Schools bring laundry services to campus to boost attendance

Schools bring laundry services to campus to boost attendance

(N.J.) One New Jersey high school joined the growing list that has installed laundry facilities on campus in an effort to address high rates of chronic absenteeism by helping ensure students have clean clothes.

Officials at West Side High School in Newark, New Jersey said a lack of clean clothing was a key reason 85 percent of students at the school were absent between three to five days a month. 

The school partnered with Whirlpool to bring washers and dryers on campus through the company’s “Care Counts” program.

The initiative has helped 10 districts and 58 schools, washing an average of 50 loads of laundry per participant, according to Whirlpool officials.

Attendance rates for high-risk students increased from 82 to 91 percent during the 2016-2017 school year among those that had laundry facilities installed.

“Every day students across the country struggle with a variety of different factors that inhibit their academic performance,” Jennifer Tayebi, a spokesperson for Whirlpool, said in a statement. “By placing washer and dryers in schools, we hope to eliminate one of those obstacles, so kids can focus on learning,” she said.

Studies have shown that when children’s basic needs are not met–whether they don’t have access to food, regular shelter or even clean clothes–they are less likely to be able to focus in school, if they even get to class at all. And chronic absences as early as kindergarten have been linked to negative long-term impacts on reading proficiency, performance in math, test scores, and suspension and dropout rates.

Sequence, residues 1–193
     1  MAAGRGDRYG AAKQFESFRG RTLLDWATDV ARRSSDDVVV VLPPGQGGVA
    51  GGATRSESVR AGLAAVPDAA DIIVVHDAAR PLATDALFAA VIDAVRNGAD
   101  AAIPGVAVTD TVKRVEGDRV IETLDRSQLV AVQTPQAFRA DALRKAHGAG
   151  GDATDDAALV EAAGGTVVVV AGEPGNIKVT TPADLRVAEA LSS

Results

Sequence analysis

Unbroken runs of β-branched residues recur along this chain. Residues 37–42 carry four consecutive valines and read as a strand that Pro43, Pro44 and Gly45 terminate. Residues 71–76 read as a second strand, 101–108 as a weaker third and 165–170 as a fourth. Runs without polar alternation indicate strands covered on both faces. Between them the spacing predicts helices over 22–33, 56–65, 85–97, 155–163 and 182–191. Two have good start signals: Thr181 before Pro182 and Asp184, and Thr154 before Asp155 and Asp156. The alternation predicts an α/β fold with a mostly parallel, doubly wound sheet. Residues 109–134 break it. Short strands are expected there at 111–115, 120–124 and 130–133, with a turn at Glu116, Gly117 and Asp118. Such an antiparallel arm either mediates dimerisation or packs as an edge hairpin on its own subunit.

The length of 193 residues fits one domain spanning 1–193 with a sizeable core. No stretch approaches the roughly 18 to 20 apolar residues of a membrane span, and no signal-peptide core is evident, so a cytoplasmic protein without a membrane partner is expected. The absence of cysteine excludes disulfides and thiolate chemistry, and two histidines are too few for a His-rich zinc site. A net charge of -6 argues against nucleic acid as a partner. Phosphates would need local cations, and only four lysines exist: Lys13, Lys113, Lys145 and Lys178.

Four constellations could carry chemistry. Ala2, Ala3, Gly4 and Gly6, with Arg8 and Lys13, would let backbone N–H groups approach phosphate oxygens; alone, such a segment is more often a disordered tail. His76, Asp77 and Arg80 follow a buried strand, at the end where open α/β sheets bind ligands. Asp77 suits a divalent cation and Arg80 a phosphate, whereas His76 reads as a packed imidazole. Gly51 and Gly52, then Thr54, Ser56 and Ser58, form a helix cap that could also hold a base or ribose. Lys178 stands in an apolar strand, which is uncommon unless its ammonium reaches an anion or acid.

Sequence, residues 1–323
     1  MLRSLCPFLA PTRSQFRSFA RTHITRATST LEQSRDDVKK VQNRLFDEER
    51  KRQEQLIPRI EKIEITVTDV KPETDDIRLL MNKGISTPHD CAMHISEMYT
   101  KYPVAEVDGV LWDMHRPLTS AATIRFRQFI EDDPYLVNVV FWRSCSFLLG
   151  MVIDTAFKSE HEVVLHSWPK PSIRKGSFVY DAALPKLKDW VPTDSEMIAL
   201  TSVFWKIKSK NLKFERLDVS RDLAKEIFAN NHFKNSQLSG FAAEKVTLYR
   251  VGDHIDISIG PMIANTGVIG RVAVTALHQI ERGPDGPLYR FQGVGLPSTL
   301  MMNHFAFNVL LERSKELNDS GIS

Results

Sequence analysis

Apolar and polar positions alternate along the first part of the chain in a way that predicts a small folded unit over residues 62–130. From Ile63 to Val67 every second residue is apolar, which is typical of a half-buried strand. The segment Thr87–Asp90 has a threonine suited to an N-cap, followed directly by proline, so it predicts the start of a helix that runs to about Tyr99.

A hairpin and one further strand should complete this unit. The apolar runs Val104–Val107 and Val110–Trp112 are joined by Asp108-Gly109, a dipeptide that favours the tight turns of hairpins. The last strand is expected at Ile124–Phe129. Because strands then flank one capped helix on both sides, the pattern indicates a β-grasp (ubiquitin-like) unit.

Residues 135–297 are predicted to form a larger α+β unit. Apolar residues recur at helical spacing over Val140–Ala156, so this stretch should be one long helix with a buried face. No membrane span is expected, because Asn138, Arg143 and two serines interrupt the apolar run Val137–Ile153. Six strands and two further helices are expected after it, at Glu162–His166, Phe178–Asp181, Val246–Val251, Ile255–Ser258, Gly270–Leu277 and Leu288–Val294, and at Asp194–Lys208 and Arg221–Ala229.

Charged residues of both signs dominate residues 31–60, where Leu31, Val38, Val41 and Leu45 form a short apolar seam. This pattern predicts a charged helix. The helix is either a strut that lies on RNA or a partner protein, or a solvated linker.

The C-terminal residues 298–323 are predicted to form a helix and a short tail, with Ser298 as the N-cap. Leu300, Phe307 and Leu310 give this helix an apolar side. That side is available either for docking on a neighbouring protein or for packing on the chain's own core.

In 2016, the U.S. Department of Education found that more than 6.5 million of the nation’s K-12 students—approximately 13 percent—were chronically absent from class. High school students made up the majority, with almost 3 million missing at least 15 days of instruction.

Schools have worked to tackle those underlying barriers to attendance in recent years by providing on-site food pantries, health clinics, school supplies and laundry services, among other resources.

Nearly 75 percent of low-income families have reported skipping washing dishes or clothes in order to make up for the shortage of household goods, according to a report from the non-profit organization Feeding America.

Whirlpool’s Care Counts program has expanded to schools in California, Illinois, Missouri, Georgia and Louisiana, among other states. Earlier this year, a high school in South Carolina installed laundry facilities through the program, and teachers and administrators told local reporters they saw an immediate boost in classroom participation–likely because students who previously had dirty clothes and tried not to bring attention to themselves joined in class conversations.

Teachers in other schools where washers and dryers were installed have reported students being more confident, developing relationships with peers, and participating in extracurricular activities. They also said there was a noticeable uptick in attendance rates.

In New Jersey, school leaders at West Side High School said some students had been bullied over their unkempt appearance, both in person and on social media.

In addition to improving school climate by reducing bullying, officials said they are eager to see how having laundry services at the school improves attendance.

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